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State

Panel mulls next step on sex slavery

Effort under way to tally victims

COLUMBUS -- The first phase of creating a stand-alone crime of human trafficking now behind it, a state commission Monday discussed the next steps in Ohio's battle against the "scum" who perpetrate modern-day slavery.

In the months since it last met last year, Ohio has a new attorney general in Republican Mike DeWine, who vowed to continue the state's early progress begun under his predecessor, Richard Cordray, a Democrat.

"I'm not satisfied with the idea that we cannot get criminal prosecutions," Mr. DeWine told representatives of law enforcement, social service agencies, and the General Assembly making up his revamped Human Trafficking Commission.

"We have seen some criminal prosecutions in the last several years… so it certainly can be done,'' he said. "Our goal in the attorney general's office is to increase that, to raise the bar, and to go after the scum who are preying on very vulnerable people in the state of Ohio and outside the state of Ohio."

More than a year ago, the commission's predecessor raised eyebrows when it inferred from statistics from various sources that as 2,879 Ohio-born minors are at risk of being trafficked into the sex industry in a given year. Of those, the study estimated that 1,078 are actively recruited.

Celia Williamson, a University of Toledo researcher, lamented the lack of solid statistics in this area and said an effort is under way to bring the abstract into reality with a study that interviews trafficking victims.

Toledo, Cleveland, Columbus, and Cincinnati are involved in the study, and she hopes to add at least four more cities to the mix. The commission hopes to be able to use such a data to guide it in targeting resources and prevention efforts.

"Because we have experience in Toledo of working with domestic minors, we know that once they are trafficked, it's very difficult to provide some effective service," Ms. Williamson said. "What happens is the kid is then going from juvenile detention to runaway to law enforcement back to our program. It continues on until that kid builds enough trust."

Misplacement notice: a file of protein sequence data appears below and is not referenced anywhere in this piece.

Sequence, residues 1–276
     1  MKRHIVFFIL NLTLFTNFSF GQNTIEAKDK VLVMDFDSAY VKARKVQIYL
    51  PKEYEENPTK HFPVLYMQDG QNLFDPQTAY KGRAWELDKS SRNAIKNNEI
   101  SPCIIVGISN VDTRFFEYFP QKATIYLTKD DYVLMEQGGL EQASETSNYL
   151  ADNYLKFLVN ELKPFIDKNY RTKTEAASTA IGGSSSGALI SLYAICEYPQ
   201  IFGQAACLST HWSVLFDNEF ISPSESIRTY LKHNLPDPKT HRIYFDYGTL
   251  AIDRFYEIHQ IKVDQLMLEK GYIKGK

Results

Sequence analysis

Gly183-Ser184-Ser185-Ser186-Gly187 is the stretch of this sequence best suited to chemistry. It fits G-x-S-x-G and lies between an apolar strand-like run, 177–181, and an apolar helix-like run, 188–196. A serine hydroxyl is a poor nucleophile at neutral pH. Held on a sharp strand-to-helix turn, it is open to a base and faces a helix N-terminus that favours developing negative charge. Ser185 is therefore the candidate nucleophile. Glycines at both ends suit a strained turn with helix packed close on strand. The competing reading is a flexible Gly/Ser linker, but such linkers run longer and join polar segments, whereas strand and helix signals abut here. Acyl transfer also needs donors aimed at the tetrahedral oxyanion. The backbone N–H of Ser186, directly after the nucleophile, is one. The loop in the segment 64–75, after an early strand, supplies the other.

State Rep. Teresa Fedor (D., Toledo), a commission member, has introduced the next step, the proposed Safe Harbor bill that would prevent a minor from being charged with prostitution if he or she was under duress or coercion at the time of the crime.

"This is the next piece that is absolutely critical for us to put into place, because it would be nearly impossible if you don't have the victims able to help prosecute the traffickers," she said. "That's the key. We can't incarcerate our children for this crime."

The bill also calls for the state to develop standards for physical and mental health services for victims and to establish procedures for uniting victims with their families.

Toledo Police Detective Pete Swartz, who is on the Northwest Ohio Violent Crimes Against Children task force and a member of Mr. DeWine's commission, said he agrees with the goal of Ms. Fedor's bill to redirect victims of human trafficking from the juvenile court system to treatment, housing, and other programs.

"We don't want to arrest them, but there are certain other things where there are other crimes being committed by some of these victims as well," he said. "That's going to have to be addressed. … It's a thin line. There's a point in time when a victim can become a victimizer."

Mr. DeWine's office said suspected trafficking can be reported to the state via 1-855-BCI-OHIO or 1-855-224-6446. He stressed, however, that cases are most likely to be handled at the local level.

Contact Jim Provance at: jprovance@theblade.com or 614-221-0496.

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